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Posted by on Jul 1, 01:19 AM
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Bind it upon thy fingers, write it upon the tables of thy heart. Say to wisdom: Thou art my sister: and call prudence thy friend…
-Solomon the Wise

WelcomeStill stuffed to the gills from Fauzia’s sumptuous feast, we met Haim in Karmi’el. On his doorway were two signs, carefully produced in Technicolor by small hands, which read “Welcome Randall” and “Welcome Andrew;” and before I knew it three young lasses and a mother were buzzing around us with excitement…and I, for one, felt pretty special. SchnitzelCoffee (one of Haim’s passions) was served promptly— Good coffee! —and we all became friends in no time. This meeting was highly anticipated by all parties. Haim, of course, had been plugging us all over the tiny country of Israel and lining up a fantastic variety of great opportunities, even while the upset of his mother’s passing lingered in the air. Michal, I am sure, deserves just as much credit for picking up the slack!

Michal, her parents from Europe and her father a survivor of the Holocaust, grew up in Israel with a leg handicap. As with many persons with a disability, the Karate Kidsstrength that was wanting in one area was exceptional in another: in this case, her arms. A weightlifting coach recognized her potential and she trained under him for less than two years. In no time at all she was winning competitions and her athletic career culminated in a gold medal at the world championships in Australia. And that’s not all: Michal still holds the weight record in her class. However, one would not guess that she was Micah's Roasteryas tough as nails merely from casual acquaintance as she retains the feminine grace and motherly deportment of a true matron.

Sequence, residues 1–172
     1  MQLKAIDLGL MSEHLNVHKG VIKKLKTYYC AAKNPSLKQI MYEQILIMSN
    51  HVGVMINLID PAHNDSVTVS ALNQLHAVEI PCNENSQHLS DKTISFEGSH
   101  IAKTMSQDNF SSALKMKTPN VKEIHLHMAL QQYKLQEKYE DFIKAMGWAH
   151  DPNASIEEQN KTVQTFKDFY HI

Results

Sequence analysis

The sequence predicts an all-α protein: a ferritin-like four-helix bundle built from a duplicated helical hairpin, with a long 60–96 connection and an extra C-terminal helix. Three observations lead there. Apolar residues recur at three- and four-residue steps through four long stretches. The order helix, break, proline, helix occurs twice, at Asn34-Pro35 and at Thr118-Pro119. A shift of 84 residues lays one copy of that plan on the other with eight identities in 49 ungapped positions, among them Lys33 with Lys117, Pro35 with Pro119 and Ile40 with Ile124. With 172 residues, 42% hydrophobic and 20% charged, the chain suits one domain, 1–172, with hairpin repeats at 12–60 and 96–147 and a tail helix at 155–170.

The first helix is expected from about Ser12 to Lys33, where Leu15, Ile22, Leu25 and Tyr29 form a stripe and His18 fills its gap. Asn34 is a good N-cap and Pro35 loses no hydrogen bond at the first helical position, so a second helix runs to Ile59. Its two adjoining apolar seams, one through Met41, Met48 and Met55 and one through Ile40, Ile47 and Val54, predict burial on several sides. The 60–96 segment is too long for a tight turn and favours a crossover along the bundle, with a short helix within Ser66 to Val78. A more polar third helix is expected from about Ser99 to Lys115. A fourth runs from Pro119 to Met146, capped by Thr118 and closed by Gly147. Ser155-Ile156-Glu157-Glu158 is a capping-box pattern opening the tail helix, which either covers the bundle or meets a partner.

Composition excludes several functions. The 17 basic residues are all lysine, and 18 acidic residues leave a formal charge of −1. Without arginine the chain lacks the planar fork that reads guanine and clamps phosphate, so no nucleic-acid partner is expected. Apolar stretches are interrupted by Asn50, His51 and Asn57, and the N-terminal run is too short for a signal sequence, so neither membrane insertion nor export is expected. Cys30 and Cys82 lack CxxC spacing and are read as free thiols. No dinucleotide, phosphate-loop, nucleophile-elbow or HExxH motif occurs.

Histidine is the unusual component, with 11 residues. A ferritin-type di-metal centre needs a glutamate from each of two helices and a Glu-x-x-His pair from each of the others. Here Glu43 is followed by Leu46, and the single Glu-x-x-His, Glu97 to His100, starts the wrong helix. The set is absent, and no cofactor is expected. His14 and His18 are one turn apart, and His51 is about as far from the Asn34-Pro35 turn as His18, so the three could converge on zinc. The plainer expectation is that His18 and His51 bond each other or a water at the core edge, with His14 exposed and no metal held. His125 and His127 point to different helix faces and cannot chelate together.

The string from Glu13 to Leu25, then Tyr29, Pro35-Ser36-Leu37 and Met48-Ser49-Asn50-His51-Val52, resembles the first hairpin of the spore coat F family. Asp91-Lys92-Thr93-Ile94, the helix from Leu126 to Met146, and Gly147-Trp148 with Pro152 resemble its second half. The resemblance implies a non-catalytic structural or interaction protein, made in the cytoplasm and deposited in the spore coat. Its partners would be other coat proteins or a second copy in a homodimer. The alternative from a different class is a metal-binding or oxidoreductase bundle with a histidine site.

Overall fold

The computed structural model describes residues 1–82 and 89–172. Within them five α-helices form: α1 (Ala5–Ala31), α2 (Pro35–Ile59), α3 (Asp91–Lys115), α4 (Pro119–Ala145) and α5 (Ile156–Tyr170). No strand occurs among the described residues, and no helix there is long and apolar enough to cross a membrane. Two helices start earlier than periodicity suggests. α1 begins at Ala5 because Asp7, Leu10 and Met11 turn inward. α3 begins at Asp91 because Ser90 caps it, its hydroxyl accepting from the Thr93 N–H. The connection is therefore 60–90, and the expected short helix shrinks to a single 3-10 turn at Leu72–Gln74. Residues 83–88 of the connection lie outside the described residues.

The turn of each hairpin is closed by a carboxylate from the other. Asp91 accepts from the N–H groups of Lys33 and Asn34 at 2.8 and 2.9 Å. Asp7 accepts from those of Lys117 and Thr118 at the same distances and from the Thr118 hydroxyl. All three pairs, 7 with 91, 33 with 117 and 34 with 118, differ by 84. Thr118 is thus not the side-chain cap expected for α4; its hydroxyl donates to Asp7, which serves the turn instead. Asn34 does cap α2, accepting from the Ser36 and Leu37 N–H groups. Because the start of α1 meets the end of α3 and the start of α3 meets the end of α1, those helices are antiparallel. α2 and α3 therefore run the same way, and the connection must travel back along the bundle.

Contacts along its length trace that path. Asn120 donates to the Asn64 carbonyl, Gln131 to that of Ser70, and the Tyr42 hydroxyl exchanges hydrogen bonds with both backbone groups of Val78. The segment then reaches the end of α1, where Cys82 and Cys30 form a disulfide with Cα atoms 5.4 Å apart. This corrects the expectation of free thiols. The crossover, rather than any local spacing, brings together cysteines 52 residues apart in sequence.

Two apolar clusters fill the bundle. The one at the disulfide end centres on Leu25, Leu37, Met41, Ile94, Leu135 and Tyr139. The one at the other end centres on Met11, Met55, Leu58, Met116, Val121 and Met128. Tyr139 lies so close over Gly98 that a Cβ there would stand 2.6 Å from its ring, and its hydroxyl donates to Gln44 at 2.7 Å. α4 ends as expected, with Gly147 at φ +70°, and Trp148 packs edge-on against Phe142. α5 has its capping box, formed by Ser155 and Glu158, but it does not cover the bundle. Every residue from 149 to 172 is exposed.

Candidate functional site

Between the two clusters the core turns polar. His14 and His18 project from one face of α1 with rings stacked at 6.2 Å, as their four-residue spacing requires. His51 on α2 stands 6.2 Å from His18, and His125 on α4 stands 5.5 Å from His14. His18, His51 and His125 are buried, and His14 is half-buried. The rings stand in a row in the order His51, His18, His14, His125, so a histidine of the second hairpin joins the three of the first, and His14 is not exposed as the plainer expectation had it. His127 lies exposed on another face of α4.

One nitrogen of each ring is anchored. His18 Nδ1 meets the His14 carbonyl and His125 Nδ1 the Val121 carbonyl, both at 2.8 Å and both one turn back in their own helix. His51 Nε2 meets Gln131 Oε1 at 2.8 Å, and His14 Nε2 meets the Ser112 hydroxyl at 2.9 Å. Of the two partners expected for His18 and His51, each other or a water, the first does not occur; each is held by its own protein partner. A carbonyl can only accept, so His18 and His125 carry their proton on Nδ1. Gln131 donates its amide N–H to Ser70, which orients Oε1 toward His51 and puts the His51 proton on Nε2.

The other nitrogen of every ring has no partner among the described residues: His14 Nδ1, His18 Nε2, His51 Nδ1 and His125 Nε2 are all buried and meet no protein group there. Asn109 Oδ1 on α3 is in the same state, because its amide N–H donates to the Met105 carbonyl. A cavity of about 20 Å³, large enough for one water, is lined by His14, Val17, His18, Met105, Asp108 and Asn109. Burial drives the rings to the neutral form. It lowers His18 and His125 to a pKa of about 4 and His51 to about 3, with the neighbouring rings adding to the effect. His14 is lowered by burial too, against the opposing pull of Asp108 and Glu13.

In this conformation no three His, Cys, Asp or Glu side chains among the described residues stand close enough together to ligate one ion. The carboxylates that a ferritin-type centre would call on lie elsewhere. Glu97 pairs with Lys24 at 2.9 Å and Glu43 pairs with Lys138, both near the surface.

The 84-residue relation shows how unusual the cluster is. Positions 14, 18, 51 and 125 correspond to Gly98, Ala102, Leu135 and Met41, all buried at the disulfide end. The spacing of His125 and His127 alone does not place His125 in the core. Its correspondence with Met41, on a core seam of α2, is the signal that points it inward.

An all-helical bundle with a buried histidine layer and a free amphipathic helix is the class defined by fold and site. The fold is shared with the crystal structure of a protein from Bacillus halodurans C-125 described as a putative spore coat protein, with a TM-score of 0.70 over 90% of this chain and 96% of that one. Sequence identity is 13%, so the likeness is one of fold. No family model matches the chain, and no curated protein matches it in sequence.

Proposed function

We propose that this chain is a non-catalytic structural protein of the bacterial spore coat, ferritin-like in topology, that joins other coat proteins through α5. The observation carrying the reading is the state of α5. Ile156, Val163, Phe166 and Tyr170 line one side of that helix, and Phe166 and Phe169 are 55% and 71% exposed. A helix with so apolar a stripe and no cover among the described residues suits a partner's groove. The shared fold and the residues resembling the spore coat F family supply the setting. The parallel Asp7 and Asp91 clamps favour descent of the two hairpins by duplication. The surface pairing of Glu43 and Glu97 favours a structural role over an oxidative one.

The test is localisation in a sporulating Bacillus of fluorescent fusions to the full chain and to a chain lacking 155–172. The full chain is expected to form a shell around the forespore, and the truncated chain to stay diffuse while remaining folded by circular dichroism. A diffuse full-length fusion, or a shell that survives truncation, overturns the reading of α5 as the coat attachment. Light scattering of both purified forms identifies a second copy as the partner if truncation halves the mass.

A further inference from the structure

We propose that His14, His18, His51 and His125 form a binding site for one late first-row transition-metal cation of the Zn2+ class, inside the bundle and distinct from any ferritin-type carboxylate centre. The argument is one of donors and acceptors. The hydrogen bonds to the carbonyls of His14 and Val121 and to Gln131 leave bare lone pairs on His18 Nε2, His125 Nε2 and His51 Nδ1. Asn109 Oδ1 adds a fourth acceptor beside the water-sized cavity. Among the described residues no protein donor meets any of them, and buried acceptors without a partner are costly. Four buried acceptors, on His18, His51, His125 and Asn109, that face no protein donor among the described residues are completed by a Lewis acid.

Kesem, Otzar and Agada are the daughters in the Bar family. The elder two were too shy to speak in English with us, and my Hebrew is nil, so we did not have many conversations. Adorable Agada (5 years old) was not shy in the least, however, and she fell in love with Randall from the start.

Winery TourThe six days we spent in Karmi’el were too packed with activity to relate here in the detail they deserve. Both Haim and Michal bent their schedules around our
every whim and we enjoyed fine coffee, cakes and homemade bread over the course of each day. We went to the coastal city of Haifa the second day to take a peep at the renowned Bahá’í Gardens and took a rigorous night training ride with the Haifa Masters Cycling Team and stayed the night at the home of Yaron, one of their staple members. Sandwiched between these two activities was a “surprise for Randall” that Haim had been anticipating and hinting at for months: a tour of Israel’s Winepremiere coffee roasteria. Both of us arrived in a daze of caffeine withdrawal that was hastily annihilated by a complimentary cup of the midnight-brown brew and a handful of meticulously roasted beans. After the intriguing walk through the Ava Coffee roastery (with live commentary by the owner, Michah Reiner) we left with no less than five vacuum-sealed bags of freshly ground stimulants for the road, Michah’s personal gift to us.